Light

Even after all this time the sun

never says to the earth, “You owe me.”

Look what happens to a love like that –

it lights up the whole world.

Hafiz

 

December is filled with holidays celebrating light. In spite of any gloom in our lives – loss of a job, illness, cultural shifts, or simply the longer nights in the Northern hemisphere – there are continual reminders that light illumines our lives and the world.

Of the over 170,000 words in the English language, one of the more commonly used words is light. Its linguistic roots from Old English echo back to leoht, which refers to daylight as well as spiritual illumination.   Someone we cherish, whether the divine or another person, is the “light of our life.” An awakening to the truth is “to see the light.”   As a noun, light can mean the energy producing brightness, a glow, or symbolically God or the Inner Light. It brightens, kindles, animates, highlights, and reveals the way.

Sages and saints tell us that our natural essence is light. We are at heart radiant beings. One who realizes this is often referred to as “enlightened.”  With such realization, we light up the world around us with no expectation of return.   Just as the holidays and traditions celebrate light, the sun is a steady reminder of this eternal truth. Our luminosity can shine with playful laughter and joy in the simple tasks and occurrences of daily life.

During this season of light, I will explore ways I can lighten up my life, such as de-cluttering my home and attitudes. I will also be aware of every time I say, hear, or read the word light and let that ignite and inspire more ways to be the light that I already am.  I hope you will join me.

Practice

This practice is best done at the beginning or end of the day when you have the fewest distractions.

  • Prepare –
    • Invite quietude – Turn your phone to airplane mode and put it aside. Remove items from your wrists such as your watch or any non-medical monitor. However, if you know you only have a set amount of time, please feel free to use an alarm.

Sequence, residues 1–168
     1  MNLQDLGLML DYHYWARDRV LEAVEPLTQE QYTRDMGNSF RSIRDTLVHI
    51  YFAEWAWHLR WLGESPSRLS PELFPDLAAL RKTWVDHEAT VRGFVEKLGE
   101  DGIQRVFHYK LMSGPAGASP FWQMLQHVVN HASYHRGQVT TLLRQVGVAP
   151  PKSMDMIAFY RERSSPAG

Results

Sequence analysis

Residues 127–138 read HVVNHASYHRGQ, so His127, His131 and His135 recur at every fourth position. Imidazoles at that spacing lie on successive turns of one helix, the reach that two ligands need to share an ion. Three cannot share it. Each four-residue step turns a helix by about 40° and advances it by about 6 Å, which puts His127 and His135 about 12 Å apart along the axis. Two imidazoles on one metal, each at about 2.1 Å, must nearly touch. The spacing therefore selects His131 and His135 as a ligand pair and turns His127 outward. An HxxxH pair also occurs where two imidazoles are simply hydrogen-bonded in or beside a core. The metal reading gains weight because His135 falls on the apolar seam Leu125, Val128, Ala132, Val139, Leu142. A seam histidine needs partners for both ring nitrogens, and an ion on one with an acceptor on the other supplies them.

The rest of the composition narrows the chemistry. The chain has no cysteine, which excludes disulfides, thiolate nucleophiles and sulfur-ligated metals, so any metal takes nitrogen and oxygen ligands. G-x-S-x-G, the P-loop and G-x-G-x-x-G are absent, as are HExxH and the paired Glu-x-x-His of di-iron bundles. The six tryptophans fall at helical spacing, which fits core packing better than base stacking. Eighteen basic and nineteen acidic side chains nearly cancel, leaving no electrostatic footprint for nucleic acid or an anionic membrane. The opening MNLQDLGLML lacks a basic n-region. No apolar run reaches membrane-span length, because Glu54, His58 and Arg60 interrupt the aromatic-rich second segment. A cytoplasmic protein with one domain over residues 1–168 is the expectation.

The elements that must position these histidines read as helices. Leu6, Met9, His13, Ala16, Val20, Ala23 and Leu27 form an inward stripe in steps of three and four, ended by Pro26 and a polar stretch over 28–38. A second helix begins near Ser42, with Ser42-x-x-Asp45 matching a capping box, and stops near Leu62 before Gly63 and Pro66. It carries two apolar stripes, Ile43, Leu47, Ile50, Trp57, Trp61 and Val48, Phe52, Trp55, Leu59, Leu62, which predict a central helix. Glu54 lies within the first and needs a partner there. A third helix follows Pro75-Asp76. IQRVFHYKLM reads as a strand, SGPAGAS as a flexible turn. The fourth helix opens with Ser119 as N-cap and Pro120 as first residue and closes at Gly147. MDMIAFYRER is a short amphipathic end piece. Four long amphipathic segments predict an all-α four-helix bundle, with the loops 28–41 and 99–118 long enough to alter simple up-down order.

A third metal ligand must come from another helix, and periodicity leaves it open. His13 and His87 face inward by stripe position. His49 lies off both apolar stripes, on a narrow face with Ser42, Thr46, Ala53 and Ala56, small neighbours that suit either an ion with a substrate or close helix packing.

• Sit comfortably – Come to a seated position, either in a chair or on the floor, where your spine is effortlessly upright. If seated in a chair, place the soles of the feet on the floor. If your feet don’t reach the floor, please place a cushion or a block under your feet.
    • Relax your hands – Give a gentle squeeze to each hand by placing the thumb of the opposite hand on the palm and wrapping the other fingers over the back of the hand and squeeze.  Then, let the hands relax on your lap in any position that is comfortable.
    • Relax your eyes and face – Either close your eyelids or have them open. If open, let your eyes rest in a soft, gentle gaze. Relax your forehead, jaw, and chin.
  • Practice –
    • Imagine a steady, radiant glow of light. This could be similar to that of the early morning or late day sun.   Imagine that with that light there is an overwhelming presence of well-being, protection, and love.
    • Imagine that
      • the building that you are in is infused with light – every wall, ceiling, floor, window, and door as well as the roof and foundation.
      • the room you are in is made of light
      • the cushion or chair that you are seated on is made of light
      • you are bathed and enfolded in light
      • you are luminous…you are the steady, radiant glow of light
      • there is only light.
        • Note: You may wish to open your eyes to quietly read aloud each layer of imaging light. Then, sit quietly imagining that layer. Follow your pace of awareness.  Savor the light.
  • Return to your day –
    • If your eyes were closed, slowly open them. Allow the awareness of your breath to seep in. Notice the gentle movement of the chest and ribs associated with the breath.
    • After several breaths, slowly lower your chin to your chest and rock your head from side to side in half circles. Shrug through your shoulders. Stretch through your palms and squeeze your hands. Before standing, stretch through your toes and feet.

 

This poem is from Mala of the Heart: 108 Sacred Poems, page 52, edited by Ravi Nathwani and Kate Vogt and published by New World Library.

 

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